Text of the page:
I've been perusing a lovely new book about American quilts by Robert Shaw. Shaw notes that while after the Civil War quilting came to be seen as a humble art, a way for thrifty farm wives to use up scraps of cloth, the first quilts in North America were made by elite women. After all, cloth of the quality needed for quilting was expensive, and few poor women could have accumulated enough of it to properly cover a bed. Some of the oldest American quilts are made with single sheets of cloth on both sides, nothing patchwork about them.
At the time we are talking about, the mid 1700s, the British elite was mad for cloth imported from India. One of the fabrics they loved the most was what they called palampore, printed cotton made on the Coromandel coast opposite Sri Lanka. These elaborate designs were made by repeated printings using a dye that only adhered where a special binding agent had been painted on to the fabric, sometimes finishing by painting on details with a brush. This example has been made into a quilt.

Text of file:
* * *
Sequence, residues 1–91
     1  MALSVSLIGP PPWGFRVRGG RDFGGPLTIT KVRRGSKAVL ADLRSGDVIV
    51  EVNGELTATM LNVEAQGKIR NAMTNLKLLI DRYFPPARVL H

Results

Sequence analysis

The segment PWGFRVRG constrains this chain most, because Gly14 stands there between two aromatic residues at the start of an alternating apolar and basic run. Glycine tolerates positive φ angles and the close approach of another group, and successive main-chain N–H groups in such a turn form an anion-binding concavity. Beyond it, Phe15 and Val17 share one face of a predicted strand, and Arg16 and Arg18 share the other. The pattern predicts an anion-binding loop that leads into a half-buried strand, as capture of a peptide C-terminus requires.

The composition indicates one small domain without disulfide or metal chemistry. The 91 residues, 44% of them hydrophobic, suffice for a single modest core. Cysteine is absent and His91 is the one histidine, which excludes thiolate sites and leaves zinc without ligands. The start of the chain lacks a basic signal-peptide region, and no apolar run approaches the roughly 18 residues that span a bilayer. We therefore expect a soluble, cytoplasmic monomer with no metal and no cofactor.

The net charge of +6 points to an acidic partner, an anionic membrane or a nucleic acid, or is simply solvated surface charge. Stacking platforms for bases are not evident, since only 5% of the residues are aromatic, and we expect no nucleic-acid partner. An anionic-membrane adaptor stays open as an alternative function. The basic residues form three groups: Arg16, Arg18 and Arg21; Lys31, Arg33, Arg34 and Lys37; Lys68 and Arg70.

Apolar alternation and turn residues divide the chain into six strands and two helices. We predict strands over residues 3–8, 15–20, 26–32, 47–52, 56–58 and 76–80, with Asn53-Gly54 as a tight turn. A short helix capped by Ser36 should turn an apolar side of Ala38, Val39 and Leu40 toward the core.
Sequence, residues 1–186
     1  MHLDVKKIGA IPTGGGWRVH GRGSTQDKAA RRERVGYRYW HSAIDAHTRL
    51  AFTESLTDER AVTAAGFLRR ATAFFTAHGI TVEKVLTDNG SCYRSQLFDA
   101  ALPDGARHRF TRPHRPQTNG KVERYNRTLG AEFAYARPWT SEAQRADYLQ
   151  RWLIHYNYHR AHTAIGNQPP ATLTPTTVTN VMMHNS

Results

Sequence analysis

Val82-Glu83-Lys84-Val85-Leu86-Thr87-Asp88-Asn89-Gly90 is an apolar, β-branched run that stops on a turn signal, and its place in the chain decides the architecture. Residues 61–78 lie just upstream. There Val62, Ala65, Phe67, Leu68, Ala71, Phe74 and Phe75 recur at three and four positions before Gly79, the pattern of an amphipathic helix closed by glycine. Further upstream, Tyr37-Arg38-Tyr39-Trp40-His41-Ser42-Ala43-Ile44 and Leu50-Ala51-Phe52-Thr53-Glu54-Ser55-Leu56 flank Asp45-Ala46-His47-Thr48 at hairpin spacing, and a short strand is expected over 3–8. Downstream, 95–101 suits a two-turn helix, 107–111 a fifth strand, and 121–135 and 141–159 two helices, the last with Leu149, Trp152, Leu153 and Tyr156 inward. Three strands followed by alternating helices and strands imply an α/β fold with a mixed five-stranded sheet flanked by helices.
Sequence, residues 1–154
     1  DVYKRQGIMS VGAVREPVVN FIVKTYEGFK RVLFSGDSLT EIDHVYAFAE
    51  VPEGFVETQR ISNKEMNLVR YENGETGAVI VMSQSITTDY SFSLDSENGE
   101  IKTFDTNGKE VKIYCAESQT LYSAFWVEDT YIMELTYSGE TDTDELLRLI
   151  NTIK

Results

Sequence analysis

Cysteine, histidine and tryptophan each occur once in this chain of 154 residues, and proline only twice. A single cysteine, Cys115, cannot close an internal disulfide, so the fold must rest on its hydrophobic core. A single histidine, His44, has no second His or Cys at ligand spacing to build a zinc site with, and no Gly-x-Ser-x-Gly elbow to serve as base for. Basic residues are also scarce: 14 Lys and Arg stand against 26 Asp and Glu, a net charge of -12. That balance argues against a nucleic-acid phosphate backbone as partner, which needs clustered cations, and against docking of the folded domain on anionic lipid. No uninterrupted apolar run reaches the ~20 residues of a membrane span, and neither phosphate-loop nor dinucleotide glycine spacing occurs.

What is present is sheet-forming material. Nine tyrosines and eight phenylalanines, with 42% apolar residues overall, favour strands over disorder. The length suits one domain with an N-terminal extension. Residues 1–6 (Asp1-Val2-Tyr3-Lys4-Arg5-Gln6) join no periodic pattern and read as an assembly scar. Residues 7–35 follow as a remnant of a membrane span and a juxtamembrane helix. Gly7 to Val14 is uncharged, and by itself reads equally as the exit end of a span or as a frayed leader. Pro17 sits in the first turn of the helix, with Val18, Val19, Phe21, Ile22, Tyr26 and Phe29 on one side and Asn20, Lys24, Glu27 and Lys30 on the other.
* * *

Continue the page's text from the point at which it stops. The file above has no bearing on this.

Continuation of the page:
And one of the most common designs on these fabrics, or at least one of the most common in 21st century collections, is called the Tree of Life. Love it.
These are all rather faded now but they were once much brighter and more vibrant. I would certainly have loved to have one on my bed.
And finally one in the Met, because they have at least one of everything.